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Publication numberUS9042131 B2
Publication typeGrant
Application numberUS 14/182,236
Publication date26 May 2015
Filing date17 Feb 2014
Priority date15 Feb 2013
Also published asEP2949033A2, EP2949033A4, US20150003115, US20150318704, WO2014127330A2, WO2014127330A3
Publication number14182236, 182236, US 9042131 B2, US 9042131B2, US-B2-9042131, US9042131 B2, US9042131B2
InventorsGuy Michael Barron, William C. Alexander
Original AssigneeIdeal Power Inc.
Export CitationBiBTeX, EndNote, RefMan
External Links: USPTO, USPTO Assignment, Espacenet
Power-packet-switching converter with sequenced connection to link inductor
US 9042131 B2
Abstract
Methods and systems for managing link voltages in a power converter, where single phase, three phase or universal systems can be used. Common mode management refers to shifting of voltages in a particular direction to perform transition between input and output ports, in addition to maintaining soft switching property. Voltages in power converters can be freely increasing and decreasing, and thus damage to the circuit can be caused if these voltages change are not controlled.
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Claims(6)
What is claimed is:
1. A method of operating a power-packet-switching converter, comprising the actions of:
a) connecting first and second lines of a first port, through first and second respective phase legs, to drive an inductor, and thereby increase the amount of energy stored in the inductor;
b) isolating the inductor, so that the inductor drives current into a capacitance which is paralleled with the inductor, to thereby change the voltage on the capacitor and on the inductor;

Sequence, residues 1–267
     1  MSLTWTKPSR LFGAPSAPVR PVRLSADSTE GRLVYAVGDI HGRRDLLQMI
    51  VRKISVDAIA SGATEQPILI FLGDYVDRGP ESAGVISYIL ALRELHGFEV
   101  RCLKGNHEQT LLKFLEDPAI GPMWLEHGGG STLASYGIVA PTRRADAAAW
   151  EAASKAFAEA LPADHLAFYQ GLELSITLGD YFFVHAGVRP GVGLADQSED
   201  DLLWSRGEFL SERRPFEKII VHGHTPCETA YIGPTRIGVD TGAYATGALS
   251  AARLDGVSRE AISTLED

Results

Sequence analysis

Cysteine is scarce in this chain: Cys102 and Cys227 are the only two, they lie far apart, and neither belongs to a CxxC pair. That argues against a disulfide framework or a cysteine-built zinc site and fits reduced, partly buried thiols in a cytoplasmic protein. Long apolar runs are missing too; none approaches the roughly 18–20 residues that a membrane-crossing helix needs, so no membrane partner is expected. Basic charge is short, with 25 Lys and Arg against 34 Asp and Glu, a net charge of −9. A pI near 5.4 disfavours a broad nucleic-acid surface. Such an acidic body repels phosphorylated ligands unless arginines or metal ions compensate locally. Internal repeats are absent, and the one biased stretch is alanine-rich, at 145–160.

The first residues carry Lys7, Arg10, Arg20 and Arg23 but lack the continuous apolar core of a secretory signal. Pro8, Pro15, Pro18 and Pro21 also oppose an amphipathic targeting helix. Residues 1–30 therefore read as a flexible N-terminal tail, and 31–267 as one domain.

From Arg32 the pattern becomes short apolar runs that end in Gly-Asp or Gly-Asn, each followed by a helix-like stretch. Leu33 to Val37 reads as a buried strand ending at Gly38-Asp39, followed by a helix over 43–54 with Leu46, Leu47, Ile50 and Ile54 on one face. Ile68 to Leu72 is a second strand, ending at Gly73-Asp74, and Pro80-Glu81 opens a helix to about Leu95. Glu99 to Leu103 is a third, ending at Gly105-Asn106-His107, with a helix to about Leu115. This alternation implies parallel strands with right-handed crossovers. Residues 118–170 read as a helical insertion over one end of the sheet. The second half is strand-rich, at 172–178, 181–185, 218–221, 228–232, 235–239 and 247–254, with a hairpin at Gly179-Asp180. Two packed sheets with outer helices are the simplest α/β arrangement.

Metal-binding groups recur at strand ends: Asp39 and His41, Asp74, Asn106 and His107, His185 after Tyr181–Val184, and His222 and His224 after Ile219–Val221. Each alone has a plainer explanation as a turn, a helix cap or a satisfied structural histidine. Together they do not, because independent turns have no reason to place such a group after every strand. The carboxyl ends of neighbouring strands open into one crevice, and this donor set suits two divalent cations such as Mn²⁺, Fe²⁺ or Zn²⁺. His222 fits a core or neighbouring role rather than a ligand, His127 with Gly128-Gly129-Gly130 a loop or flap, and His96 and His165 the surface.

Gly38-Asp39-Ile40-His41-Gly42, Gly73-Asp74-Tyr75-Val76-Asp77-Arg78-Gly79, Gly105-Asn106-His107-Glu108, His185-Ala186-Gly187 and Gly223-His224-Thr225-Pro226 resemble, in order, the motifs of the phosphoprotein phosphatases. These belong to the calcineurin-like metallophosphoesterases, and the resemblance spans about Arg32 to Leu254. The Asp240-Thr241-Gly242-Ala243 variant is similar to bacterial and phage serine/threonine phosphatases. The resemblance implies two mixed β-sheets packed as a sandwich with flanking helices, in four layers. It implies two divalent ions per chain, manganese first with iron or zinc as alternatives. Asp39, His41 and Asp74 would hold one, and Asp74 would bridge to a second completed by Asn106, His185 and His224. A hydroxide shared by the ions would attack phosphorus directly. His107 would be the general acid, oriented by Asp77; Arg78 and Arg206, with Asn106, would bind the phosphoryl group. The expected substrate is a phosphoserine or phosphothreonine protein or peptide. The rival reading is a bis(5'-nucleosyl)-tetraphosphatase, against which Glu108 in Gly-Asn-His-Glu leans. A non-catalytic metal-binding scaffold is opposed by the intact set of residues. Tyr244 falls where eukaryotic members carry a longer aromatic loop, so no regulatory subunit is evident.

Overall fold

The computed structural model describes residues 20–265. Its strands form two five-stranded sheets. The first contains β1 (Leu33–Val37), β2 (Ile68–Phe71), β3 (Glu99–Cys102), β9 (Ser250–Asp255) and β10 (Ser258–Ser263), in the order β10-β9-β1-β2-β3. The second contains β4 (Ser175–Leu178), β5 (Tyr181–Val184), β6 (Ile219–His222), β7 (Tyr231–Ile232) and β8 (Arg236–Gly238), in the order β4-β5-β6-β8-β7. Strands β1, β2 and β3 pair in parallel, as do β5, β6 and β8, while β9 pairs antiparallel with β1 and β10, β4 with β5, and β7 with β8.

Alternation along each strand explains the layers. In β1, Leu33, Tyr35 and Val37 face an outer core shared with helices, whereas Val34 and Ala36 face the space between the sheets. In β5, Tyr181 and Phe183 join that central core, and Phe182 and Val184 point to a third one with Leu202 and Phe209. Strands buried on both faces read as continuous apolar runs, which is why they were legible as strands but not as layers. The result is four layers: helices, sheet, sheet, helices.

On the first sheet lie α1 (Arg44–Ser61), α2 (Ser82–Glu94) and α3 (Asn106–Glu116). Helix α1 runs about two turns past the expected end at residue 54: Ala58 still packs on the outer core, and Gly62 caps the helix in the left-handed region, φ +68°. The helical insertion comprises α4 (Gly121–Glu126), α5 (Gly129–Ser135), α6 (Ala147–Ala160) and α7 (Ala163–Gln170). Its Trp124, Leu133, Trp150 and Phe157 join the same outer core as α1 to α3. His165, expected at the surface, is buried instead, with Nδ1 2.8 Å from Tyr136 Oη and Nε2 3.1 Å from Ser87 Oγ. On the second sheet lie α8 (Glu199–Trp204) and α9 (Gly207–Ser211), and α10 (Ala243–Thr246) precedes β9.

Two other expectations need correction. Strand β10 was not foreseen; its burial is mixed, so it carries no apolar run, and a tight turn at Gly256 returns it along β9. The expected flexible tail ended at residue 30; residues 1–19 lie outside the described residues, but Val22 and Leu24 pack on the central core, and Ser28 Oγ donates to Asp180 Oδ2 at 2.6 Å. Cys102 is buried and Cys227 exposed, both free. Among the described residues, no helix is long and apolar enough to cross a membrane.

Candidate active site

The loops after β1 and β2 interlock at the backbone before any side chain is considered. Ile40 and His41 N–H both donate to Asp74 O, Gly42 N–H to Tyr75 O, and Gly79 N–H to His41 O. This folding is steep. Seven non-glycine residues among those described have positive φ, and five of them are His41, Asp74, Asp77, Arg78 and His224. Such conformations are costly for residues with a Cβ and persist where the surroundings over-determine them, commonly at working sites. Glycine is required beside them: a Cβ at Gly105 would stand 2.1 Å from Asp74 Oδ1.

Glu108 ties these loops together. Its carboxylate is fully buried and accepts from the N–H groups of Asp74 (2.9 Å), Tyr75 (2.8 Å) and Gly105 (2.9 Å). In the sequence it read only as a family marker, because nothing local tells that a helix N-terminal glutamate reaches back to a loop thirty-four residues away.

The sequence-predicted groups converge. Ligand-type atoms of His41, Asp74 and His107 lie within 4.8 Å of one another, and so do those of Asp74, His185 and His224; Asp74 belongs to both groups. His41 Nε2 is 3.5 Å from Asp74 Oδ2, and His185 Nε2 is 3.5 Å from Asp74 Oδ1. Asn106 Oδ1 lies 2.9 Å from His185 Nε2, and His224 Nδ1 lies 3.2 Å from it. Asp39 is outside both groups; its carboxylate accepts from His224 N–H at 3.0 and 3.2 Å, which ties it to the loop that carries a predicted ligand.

c) connecting first and second lines of a second port, through first and second respective phase legs each comprising bidirectional switching devices, to draw power from the inductor, under zero-voltage-switching conditions;
d) turning off said first but not said second phase leg of said second port, to fix the voltage of one terminal of the inductor, while the inductor changes the voltage differential across the capacitor;
e) turning off the second phase leg of said second port, while the inductor continues to change the voltage differential across the capacitor;
f) coupling power from the inductor, through one of said first and second phase legs of said second port, in combination with another phase leg, under zero-voltage-switching conditions; and
repeating steps a)-f) with reversed current direction.
2. A solar energy system which implements the method of claim 1.
3. A power conversion system which implements the method of claim 1.
4. A method of operating a power-packet-switching converter, comprising the actions of:
a) connecting first and second lines of a first port, through first and second respective phase legs each comprising two bidirectional switching devices, to drive an inductor and increase the amount of energy stored therein;
b) turning off said first phase leg but not said second phase leg, to fix the voltage of one terminal of the inductor, while said inductor drives current into a capacitor, which is connected in parallel with the inductor, to thereby change the voltage differential across the inductor;
c) turning off said second phase leg, while allowing said voltage differential to continue changing;